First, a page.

There are plenty of ways to measure the meaning of art: aesthetic value, emotion resonance, ticket sales, auction price, jobs. South Florida's art economy is young but growing.
Communities have invested hundreds of millions of public dollars in performing arts centers and museums, cultural programs and outreach efforts. The arts are embedded in the promise of South Florida marketed to visitors.
And increasingly, South Florida artists are appearing on the world's stage.
Gourmet waffles, spiced Cuban coffee and Miami tech are free every Wednesday in Wynwood where free breakfast is served alongside startup pitches and presentations.
The event is hosted by Live Ninja, a locally based video chat company that has raised over $1 million in venture capital and secured sponsorship for this series of breakfasts from the Knight Foundation.
South Florida knows how to throw a party. And it better, considering how important hospitality is to the regional economy. From conferences and conventions to fairs and festivals, the event business picks up as temperatures up north drop. Some are for out-of-towners exclusively, others celebrate South Florida for South Floridians.
To get a sense of the economics and local emotions involved, The Sunshine Economy spoke with the driving forces behind four big events that dot the South Florida map.
Lionel Lightbourne has been a social worker in Liberty City for four years. He says he is a "fish in water" with his chosen profession. He speaks with passion about empowering families and children in need.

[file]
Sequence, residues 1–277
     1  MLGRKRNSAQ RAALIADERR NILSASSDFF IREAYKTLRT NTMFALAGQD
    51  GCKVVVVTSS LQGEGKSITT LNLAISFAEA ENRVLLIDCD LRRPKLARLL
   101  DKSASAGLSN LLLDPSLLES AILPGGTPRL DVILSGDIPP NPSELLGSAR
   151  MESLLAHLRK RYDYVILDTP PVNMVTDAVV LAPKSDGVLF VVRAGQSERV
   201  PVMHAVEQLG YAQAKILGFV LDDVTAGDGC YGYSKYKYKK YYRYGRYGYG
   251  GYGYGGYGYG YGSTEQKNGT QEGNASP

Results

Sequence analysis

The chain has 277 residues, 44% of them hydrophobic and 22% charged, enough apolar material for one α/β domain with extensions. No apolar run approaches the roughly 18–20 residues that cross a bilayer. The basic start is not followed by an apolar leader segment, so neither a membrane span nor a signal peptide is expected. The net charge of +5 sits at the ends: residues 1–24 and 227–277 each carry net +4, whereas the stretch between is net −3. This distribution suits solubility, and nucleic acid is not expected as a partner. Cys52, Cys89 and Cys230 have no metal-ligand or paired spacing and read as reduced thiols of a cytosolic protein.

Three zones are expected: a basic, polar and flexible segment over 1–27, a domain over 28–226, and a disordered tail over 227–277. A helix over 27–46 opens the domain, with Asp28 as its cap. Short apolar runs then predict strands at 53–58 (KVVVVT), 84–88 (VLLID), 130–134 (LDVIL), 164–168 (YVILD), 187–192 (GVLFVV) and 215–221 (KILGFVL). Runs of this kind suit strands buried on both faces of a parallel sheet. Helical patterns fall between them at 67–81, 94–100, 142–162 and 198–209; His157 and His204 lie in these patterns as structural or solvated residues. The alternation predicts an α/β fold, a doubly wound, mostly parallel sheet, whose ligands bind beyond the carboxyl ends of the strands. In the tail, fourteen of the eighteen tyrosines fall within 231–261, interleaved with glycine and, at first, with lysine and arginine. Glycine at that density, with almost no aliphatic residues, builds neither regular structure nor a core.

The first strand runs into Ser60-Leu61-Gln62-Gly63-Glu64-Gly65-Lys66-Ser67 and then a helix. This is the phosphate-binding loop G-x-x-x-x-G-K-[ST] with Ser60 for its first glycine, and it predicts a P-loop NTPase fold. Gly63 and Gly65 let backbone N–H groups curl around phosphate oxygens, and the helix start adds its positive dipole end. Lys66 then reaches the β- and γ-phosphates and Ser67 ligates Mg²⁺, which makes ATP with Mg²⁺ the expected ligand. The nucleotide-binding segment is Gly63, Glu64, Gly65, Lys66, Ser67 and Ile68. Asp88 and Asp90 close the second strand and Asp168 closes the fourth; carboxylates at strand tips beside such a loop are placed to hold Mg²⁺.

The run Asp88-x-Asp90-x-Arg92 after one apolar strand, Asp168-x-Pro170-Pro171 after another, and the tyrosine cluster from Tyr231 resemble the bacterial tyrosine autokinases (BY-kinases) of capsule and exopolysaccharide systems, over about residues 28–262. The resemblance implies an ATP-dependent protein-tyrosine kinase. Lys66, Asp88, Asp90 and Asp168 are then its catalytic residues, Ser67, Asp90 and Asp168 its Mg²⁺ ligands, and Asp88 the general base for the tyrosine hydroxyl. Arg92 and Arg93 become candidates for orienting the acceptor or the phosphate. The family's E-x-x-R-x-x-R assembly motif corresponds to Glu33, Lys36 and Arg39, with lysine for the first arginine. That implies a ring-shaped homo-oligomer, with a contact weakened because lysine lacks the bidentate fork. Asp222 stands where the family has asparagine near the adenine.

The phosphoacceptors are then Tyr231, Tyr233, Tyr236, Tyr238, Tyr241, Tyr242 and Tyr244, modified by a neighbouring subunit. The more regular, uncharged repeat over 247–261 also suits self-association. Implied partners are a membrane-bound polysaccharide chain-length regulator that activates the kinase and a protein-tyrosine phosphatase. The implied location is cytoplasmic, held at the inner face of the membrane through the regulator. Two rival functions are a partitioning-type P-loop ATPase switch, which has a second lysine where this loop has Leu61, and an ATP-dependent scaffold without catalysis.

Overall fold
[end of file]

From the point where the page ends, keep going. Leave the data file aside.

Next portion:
If he were single, he says his income would put him just above the poverty line. "But together with my wife," he says, "we will actually be in the middle class."
Originally published on Thu November 6, 2014 8:46 am
Supporters of medical marijuana may have lost their fight at the ballot box, but they're promising to take it back to the statehouse.
A day after Amendment 2 narrowly failed in Florida, the chairman and chief financier of the initiative said Wednesday that if lawmakers didn't successfully pursue the issue, it would be back before voters in 2016.
Originally published on Wed October 29, 2014 2:37 pm
Fusion, the TV network born from the marriage of Spanish language network Univision and ABC, is a year old.
Fusion is unique in a few ways. It’s in English, and it caters to millennials, particularly Latino millennials. It’s been attracting big media talent, including Alexis Madrigal, deputy editor of The Atlantic, who joined earlier this month.
The network has also attracted journalists from Jezebel, The Daily Beast, and Reuters.
Just over two dozen people in South Florida hold more than $100 billion in wealth. These 25 individuals make up South Florida's Wealthiest, a list from the Miami Herald, compiled by Global Governance Advisors, an executive pay consulting group. You can see the list below, or here.
There's a voyeuristic quality of these kinds of "richest" lists.
All of these songs, either in whole or part, were recorded at Criteria Studios in Miami. It began as a small studio in the late 1950s and grew into six studios with a global reputation for making hits.